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October 3, 2006 > Watercooler Counsel

Watercooler Counsel

by Rich Proulx

Q: One of my employees came in to work today with a note from her therapist saying she needed a companion dog to accompany her to work. I know this employee had a really traumatic thing happen to her, but I also don't like the idea of a dog in the workplace. I asked the employee and the dog isn't registered with the county as a service dog, but she said she's still allowed to have it. I know service dogs are allowed in public places, but do I have to allow her to bring the dog to work?

Not an Animal Fan
Hayward

A: These days, animals are being used for many more functions than those we traditionally imagine.  Many doctors have begun to "prescribe" companion animals to individuals with psychological impairments such as anxiety or post-traumatic stress disorder because animals have been shown to have innate soothing or protective qualities.  However, not all of these animals meet the definition of "service animal."

According to Malinda Tuazon, EEOC Investigator, the Americans with Disabilities Act (ADA) defines a service animal as one that is "individually trained to do work or perform tasks for the benefit of an individual with a disability."  If animals meet this definition, they do not necessarily need to be licensed or certified by a state or local government, nor would they be required to wear special identifying collars or harnesses.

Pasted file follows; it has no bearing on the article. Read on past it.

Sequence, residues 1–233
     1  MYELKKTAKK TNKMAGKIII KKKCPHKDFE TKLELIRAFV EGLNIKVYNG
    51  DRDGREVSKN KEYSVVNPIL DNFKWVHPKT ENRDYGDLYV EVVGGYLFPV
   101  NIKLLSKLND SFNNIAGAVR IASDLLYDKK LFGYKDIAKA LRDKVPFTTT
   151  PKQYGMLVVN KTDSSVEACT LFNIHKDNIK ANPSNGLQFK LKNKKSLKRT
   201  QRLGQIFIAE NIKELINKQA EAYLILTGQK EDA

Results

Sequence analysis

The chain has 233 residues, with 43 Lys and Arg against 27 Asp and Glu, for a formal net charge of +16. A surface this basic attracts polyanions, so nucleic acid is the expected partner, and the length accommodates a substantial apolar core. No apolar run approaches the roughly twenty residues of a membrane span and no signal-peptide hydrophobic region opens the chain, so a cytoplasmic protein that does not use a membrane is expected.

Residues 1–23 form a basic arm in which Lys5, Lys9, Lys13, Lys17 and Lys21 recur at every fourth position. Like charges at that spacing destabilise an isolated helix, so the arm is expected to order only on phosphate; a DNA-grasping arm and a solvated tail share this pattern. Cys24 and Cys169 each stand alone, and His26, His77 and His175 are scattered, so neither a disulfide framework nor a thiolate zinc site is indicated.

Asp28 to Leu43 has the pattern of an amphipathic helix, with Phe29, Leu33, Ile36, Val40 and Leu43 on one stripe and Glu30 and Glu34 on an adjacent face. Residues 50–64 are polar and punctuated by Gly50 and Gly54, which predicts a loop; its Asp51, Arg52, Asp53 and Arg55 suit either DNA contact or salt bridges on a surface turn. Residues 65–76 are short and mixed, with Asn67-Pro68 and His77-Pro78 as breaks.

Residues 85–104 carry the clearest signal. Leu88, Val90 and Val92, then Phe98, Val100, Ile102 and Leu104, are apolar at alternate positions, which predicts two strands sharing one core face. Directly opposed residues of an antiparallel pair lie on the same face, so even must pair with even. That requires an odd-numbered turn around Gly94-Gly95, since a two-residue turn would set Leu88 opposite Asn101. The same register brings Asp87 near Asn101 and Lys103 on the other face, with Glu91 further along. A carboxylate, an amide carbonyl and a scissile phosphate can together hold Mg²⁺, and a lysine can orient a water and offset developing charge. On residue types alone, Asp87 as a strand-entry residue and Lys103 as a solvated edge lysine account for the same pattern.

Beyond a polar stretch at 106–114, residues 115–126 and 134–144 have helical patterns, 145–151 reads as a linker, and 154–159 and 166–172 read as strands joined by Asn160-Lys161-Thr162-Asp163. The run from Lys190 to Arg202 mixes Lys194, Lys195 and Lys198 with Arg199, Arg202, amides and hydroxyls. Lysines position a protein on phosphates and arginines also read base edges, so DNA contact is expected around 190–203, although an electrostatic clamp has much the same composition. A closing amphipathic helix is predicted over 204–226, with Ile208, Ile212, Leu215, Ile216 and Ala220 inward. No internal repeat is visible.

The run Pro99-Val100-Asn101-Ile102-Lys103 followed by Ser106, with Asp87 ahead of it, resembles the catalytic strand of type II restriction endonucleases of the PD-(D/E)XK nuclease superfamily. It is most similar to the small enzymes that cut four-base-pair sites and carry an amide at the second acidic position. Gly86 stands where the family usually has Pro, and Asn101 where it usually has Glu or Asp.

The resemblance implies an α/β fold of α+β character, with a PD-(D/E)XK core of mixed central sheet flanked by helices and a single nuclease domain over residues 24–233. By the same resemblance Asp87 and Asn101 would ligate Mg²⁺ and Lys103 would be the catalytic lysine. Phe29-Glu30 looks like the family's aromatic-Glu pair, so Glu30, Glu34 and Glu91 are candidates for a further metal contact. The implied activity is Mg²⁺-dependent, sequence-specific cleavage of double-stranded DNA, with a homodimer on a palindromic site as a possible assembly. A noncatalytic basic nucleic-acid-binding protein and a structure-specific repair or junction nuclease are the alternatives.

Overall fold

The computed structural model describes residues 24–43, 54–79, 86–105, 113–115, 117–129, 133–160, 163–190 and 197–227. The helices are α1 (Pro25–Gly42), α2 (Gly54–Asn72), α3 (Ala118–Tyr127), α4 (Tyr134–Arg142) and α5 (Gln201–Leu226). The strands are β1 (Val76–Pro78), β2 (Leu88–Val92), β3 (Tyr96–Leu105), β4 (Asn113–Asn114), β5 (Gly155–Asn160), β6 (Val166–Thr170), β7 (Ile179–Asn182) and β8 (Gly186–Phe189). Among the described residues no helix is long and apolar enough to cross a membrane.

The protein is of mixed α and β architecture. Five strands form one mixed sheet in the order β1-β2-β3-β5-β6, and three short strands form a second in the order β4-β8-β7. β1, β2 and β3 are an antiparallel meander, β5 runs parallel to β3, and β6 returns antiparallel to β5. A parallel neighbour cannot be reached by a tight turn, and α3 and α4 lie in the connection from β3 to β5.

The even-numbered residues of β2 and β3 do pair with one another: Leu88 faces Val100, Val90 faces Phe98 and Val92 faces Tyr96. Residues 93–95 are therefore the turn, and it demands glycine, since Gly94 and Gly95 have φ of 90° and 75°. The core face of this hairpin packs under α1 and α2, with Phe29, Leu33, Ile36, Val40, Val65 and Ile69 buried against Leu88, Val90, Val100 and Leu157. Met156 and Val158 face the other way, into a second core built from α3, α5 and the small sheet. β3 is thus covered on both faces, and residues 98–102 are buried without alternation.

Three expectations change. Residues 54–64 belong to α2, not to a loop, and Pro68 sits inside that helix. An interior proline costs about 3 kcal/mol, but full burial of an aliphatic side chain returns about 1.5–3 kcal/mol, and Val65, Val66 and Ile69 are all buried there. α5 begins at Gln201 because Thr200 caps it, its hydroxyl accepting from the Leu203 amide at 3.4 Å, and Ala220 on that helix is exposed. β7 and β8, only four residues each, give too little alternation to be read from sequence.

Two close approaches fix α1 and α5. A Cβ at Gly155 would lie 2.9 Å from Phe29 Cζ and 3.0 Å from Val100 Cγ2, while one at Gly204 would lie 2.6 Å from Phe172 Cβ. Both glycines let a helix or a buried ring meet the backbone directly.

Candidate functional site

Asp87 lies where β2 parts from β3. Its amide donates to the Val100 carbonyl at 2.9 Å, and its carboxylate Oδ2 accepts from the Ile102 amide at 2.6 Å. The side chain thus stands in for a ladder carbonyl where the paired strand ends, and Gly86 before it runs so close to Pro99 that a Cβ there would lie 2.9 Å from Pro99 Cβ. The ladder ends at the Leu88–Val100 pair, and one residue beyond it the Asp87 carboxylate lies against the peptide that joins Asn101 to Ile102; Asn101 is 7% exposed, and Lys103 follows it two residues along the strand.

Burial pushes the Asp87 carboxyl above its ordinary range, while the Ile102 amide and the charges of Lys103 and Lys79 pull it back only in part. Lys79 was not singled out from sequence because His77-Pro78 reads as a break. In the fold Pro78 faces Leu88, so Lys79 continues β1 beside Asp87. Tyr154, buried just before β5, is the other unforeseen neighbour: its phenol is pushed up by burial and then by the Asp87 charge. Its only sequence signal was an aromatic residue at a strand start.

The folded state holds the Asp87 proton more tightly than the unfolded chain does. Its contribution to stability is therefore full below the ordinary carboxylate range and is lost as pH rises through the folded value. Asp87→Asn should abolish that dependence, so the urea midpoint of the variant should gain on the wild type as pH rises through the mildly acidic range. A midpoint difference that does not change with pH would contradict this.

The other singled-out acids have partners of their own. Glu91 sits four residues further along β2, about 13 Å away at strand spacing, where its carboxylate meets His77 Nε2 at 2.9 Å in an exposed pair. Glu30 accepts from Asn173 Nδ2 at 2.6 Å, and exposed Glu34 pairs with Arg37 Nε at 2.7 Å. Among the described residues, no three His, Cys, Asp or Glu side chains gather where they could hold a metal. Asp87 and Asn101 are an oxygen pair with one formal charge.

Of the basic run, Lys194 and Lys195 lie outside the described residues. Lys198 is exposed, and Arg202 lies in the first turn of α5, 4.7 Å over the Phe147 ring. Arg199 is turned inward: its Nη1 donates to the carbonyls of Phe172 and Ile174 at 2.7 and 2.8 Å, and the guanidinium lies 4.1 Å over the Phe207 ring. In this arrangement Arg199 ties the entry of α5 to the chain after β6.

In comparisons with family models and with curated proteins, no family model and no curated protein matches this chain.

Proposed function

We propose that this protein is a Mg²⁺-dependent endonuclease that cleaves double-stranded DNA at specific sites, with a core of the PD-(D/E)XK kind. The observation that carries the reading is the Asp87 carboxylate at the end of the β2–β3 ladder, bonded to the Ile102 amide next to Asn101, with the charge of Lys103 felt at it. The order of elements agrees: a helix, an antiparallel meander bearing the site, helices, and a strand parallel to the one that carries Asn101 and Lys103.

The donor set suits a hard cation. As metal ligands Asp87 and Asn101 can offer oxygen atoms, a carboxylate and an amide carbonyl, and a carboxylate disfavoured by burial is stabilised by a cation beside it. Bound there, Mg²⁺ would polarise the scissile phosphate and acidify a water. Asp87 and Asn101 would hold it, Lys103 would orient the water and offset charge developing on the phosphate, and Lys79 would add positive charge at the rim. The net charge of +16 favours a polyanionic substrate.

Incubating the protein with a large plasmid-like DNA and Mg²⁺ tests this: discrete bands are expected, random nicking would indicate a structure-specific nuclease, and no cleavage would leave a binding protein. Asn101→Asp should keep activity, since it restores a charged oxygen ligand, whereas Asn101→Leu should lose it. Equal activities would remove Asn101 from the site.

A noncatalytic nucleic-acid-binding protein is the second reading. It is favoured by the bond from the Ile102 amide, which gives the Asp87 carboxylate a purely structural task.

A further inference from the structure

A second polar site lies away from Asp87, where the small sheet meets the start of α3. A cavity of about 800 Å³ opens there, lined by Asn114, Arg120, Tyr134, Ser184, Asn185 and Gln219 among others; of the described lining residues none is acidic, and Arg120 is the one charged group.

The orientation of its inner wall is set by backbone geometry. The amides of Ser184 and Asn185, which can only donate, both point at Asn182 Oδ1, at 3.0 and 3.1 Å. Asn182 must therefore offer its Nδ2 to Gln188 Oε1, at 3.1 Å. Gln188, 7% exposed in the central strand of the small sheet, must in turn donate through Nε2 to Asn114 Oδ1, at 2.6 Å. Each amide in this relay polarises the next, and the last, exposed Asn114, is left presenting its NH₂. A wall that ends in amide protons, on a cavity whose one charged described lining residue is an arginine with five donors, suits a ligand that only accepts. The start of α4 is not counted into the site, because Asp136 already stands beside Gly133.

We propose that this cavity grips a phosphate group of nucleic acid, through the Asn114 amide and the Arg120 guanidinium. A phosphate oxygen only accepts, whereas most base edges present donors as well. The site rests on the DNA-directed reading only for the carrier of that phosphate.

If you have questions about the animal's training, it's ok to ask your employee. This is part of the interactive process required when an employee requests an accommodation.  The tricky part is that while the section of the ADA which deals with public access specifically addresses service animal issues, the employment section does not. Accordingly, it is advised to treat service animal situations like other reasonable accommodation requests:  the employer must consider allowing an employee with a disability to use a service animal at work unless it poses an undue hardship.  Your situation is not an easy one. 

Q: I have established that I need to allow one of my employees to bring a service animal to work. Most of the staff is thrilled by this news. The problem is, I have one employee who is very allergic to animals. I don't want to let either of the employees go, but I don't see another option.
What should I do?

Dealing with Dander
Newark

A: Excellent question! There are several ways to solve this problem that don't involve letting someone go. Try allowing the employees to work on opposite ends of the building or at home, if possible. Use a portable air filter at each work station and add HEPA filters to the existing ventilation system.  Ask the employee with the service animal to regularly use dander care products and have the work areas-carpets, cubicle walls and window treatments-cleaned, dusted and vacuumed regularly. For even more tips, give the Job Accommodation Network a call at (800) 526-7234.  They an excellent clearinghouse of reasonable accommodations and will tailor their suggestions to your specific situation with no cost to you or your employees.


Rich and his team of government experts are definitely not allergic to your tough questions-ask away!  October is Adopt-a-Dog month-According to the Humane Society of the United States, as many as 8 million cats and dogs enter shelters each year and half of those are euthanized. Send your questions to Rich at Watercooler.Counsel@eeoc.gov who is a former Supervisory Investigator for the Equal Employment Opportunity Commission www.eeoc.gov. Identifying information in the questions may be fictional.

 
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